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A Single delta(9)-Tetrahydrocannabinol (THC) Dose During Brain Development Affects Markers of Neurotrophy, Oxidative Stress, and Apoptosis
Uppsala University, Disciplinary Domain of Science and Technology, Biology, Department of Organismal Biology, Environmental toxicology.ORCID iD: 0000-0003-2024-1824
Uppsala University, Disciplinary Domain of Medicine and Pharmacy, Faculty of Pharmacy, Department of Pharmaceutical Biosciences. (Molekylär Neurofarmakologi)
Uppsala University, Disciplinary Domain of Medicine and Pharmacy, Faculty of Pharmacy, Department of Pharmaceutical Biosciences. (Molekylär Neurofarmakologi)
Uppsala University, Disciplinary Domain of Science and Technology, Biology, Department of Organismal Biology, Environmental toxicology.
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2019 (English)In: Frontiers in Pharmacology, ISSN 1663-9812, E-ISSN 1663-9812, Vol. 10, article id 1156Article in journal (Refereed) Published
Abstract [en]

delta(9)-tetrahydrocannabinol (THC) is one of the most used drugs during pregnancy and lactation and efficiently crosses the placental and blood-brain barriers. Despite the recent legalization initiatives worldwide, the adverse outcome pathway (AOP) of THC following exposure during brain development is incompletely understood. We have previously reported that a single injection of THC on postnatal day (PND) 10 altered adult spontaneous behavior and habituation rates in adult mice. Similar behavioral alterations have been reported following PND 10 exposure to the commonly used over-the-counter analgesic acetaminophen (AAP; also known as paracetamol); as both THC and AAP interact with the endocannabinoid system, we hypothesize that this system might be involved in the AOP of both these pharmaceuticals/drugs. Here, we report that a single THC dose on PND 10 decreased transcript levels of tropomyosin receptor kinase b (Trkb) 24 h after exposure in both the frontal and parietal cortex, and in the hippocampus in mice. An increase in the nuclear factor (erythroid-derived 2)-like 2 (Nrf2)/Kelch-like ECH-associated protein 1 (Keap1) ratio were also found in both the parietal cortex and hippocampus following neonatal exposure to THC. In addition, THC exposure increased transcript levels of cannabinoid receptor type 1 (Cb1r) in the parietal cortex and increased the apoptosis regulator BAX in the frontal cortex. This study is important for mainly 3 reasons: 1) we are starting to get information on the developmental neurotoxic AOP of PND 10 exposure to THC, where we suggest that transcriptional changes of the neurotrophic receptor Trkb are central, 2) our PND 10 exposure model provides information relevant to human exposure and 3) since PND 10 exposure to AAP also decreased Trkb transcript levels, we suggest THC and AAP may share key events in their respective AOP through endocannabinoid-mediated alterations of the brain-derived neurotrophic factor (BDNF)TRKB signaling pathway.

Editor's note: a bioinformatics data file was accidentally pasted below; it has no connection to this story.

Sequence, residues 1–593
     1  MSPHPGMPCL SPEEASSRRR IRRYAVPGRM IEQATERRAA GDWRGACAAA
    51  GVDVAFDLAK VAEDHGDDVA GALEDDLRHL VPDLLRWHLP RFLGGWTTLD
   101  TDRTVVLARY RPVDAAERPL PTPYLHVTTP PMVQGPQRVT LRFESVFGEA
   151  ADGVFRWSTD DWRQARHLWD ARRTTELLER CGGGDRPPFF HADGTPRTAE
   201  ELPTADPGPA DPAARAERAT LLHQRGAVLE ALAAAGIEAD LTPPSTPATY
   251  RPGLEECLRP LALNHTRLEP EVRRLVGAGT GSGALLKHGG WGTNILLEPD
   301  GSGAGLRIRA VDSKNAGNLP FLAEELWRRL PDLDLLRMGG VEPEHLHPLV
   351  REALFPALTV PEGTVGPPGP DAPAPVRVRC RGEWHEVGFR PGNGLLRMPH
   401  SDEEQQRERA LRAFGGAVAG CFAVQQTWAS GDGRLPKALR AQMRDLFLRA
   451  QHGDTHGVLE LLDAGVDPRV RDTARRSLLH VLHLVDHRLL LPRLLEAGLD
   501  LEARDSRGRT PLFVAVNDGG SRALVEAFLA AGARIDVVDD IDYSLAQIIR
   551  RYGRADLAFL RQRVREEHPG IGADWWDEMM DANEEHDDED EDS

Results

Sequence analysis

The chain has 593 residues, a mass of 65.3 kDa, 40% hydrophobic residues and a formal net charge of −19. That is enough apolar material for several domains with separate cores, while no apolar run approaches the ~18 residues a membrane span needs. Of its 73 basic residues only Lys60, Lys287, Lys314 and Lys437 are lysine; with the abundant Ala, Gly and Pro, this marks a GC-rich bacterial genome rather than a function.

Place, publisher, year, edition, pages
FRONTIERS MEDIA SA , 2019. Vol. 10, article id 1156
Keywords [en]
delta(9)-tetrahydrocannabinol, developmental toxicology and neurotoxicology, acetaminophen (paracetamol), Trkb, oxidative stress, brain growth spurt, critical window development, neurotrophic
National Category
Pharmacology and Toxicology
Identifiers
URN: urn:nbn:se:uu:diva-398418DOI: 10.3389/fphar.2019.01156ISI: 000497513300001PubMedID: 31636565OAI: oai:DiVA.org:uu-398418DiVA, id: diva2:1377091
Available from: 2019-12-11 Created: 2019-12-11 Last updated: 2019-12-11Bibliographically approved

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Philippot, GaetanForsberg, EricaViberg, HenrikFredriksson, Robert
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